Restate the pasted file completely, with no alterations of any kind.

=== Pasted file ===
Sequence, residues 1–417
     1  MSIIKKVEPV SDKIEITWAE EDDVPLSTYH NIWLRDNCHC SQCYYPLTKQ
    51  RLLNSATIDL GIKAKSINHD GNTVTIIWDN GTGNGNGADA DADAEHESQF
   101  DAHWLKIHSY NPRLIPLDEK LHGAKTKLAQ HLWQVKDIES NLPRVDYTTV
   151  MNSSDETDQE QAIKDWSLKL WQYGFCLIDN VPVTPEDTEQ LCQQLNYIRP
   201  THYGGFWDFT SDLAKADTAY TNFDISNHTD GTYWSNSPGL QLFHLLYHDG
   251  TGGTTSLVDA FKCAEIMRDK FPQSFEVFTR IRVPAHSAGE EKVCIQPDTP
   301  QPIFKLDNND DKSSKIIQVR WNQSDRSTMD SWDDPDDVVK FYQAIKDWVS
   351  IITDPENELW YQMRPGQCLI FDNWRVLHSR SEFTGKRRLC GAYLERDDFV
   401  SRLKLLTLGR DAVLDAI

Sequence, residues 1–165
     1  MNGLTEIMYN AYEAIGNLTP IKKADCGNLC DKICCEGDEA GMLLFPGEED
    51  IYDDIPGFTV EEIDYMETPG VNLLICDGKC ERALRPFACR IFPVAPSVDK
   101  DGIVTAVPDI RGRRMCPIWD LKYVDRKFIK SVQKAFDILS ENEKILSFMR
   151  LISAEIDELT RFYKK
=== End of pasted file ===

Sequence, residues 1–417
     1  MSIIKKVEPV SDKIEITWAE EDDVPLSTYH NIWLRDNCHC SQCYYPLTKQ
    51  RLLNSATIDL GIKAKSINHD GNTVTIIWDN GTGNGNGADA DADAEHESQF
   101  DAHWLKIHSY NPRLIPLDEK LHGAKTKLAQ HLWQVKDIES NLPRVDYTTV
   151  MNSSDETDQE QAIKDWSLKL WQYGFCLIDN VPVTPEDTEQ LCQQLNYIRP
   201  THYGGFWDFT SDLAKADTAY TNFDISNHTD GTYWSNSPGL QLFHLLYHDG
   251  TGGTTSLVDA FKCAEIMRDK FPQSFEVFTR IRVPAHSAGE EKVCIQPDTP
   301  QPIFKLDNND DKSSKIIQVR WNQSDRSTMD SWDDPDDVVK FYQAIKDWVS
   351  IITDPENELW YQMRPGQCLI FDNWRVLHSR SEFTGKRRLC GAYLERDDFV
   401  SRLKLLTLGR DAVLDAI

Sequence, residues 1–165
     1  MNGLTEIMYN AYEAIGNLTP IKKADCGNLC DKICCEGDEA GMLLFPGEED
    51  IYDDIPGFTV EEIDYMETPG VNLLICDGKC ERALRPFACR IFPVAPSVDK
   101  DGIVTAVPDI RGRRMCPIWD LKYVDRKFIK SVQKAFDILS ENEKILSFMR
   151  LISAEIDELT RFYKK